The results of November’s elections show that the Religious Right remains a potent force in American politics, says Americans United.
In a post-election analysis, Americans United noted that candidates favored by the Religious Right were successful in Virginia and New Jersey and that a vote in Maine on same-sex marriage also pleased religious conservatives.
These results, AU said, prove that the political prognosticators who pronounced the Religious Right a spent force after the 2008 elections spoke too soon.
“I wish I could say the Religious Right is dead, but this election shows that reports of its demise are inaccurate,” said Barry W. Lynn, Americans United executive director, in a Nov. 5 press statement. “The pundits who announced the Religious Right’s demise in 2008 were simply wrong.
“Many factors played a role in the outcome of yesterday’s elections,” Lynn added, “so it’s important not to exaggerate the Religious Right’s influence. But at the same time, Americans need to know that this movement’s leaders are still influential in American politics. They haven’t given up on their crusade to impose their fundamentalist beliefs on everyone through government action.”
AU pointed to the following results:
• Virginia: Republicans Robert McDonnell, Bill Bolling and Ken Cuccinelli won races for governor, lieutenant governor and attorney general respectively. McDonnell and Cuccinelli are close allies of the Religious Right. McDonnell is a graduate of Pat Robertson’s Regent University, and the TV preacher and his family made large contributions to McDonnell’s campaign. Cuccinelli is also a Religious Right favorite, drawing financial and logistical support from an array of Religious Right organizations. Bolling graduated from Liberty University.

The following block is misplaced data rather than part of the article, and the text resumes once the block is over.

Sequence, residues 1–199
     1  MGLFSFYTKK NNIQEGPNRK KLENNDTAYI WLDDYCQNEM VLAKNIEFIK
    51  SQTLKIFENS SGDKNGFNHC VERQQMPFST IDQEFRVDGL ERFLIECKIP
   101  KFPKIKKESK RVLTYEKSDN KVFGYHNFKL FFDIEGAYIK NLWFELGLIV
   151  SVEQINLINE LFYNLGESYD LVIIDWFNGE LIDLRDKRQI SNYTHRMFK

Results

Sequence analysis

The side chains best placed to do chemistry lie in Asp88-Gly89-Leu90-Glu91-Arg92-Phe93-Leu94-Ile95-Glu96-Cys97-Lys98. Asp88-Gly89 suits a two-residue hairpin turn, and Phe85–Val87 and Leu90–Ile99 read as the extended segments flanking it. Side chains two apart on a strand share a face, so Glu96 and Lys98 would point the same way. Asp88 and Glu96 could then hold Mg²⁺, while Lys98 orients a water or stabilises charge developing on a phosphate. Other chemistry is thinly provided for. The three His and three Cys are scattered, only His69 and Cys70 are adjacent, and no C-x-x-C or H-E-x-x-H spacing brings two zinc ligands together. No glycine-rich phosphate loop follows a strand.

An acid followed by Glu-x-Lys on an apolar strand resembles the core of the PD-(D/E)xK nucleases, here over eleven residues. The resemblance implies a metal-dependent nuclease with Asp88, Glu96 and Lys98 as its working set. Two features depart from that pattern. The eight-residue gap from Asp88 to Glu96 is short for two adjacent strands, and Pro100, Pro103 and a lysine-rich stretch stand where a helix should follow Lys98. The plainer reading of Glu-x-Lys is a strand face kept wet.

• New Jersey: Republican Chris Christie won the governor’s office, defeating incumbent Democrat Jon Corzine. Although not known as a close ally of the Religious Right, Christie opposed same-sex marriage and drew support from the movement. FRC Action PAC, the overtly political arm of the Family Research Council, endorsed the GOP contender and provided financial support. Christie also promoted voucher subsidies for religious schools during the campaign.
• Maine: Religious Right organizations joined forces with the Roman Catholic hierarchy to persuade voters to repeal a Maine law that extended marriage rights to same-sex couples. The repeal won by 53 to 47 percent. (The Religious Right was less successful in Washington State, where a domestic partnership law narrowly won approval from the voters.)
• New York: A closely-watched race for a U.S. House seat led to mixed results. Conservative Party candidate Doug Hoffman, a Religious Right favorite, lost narrowly to Democrat Bill Owens. But the Religious Right and other social conservative organizations claimed a pyrrhic victory in forcing moderate Republican Dede Scozzafava out of the race. Scozzafava supported gay rights and reproductive choice, two stands that are anathema to the fundamentalist movement.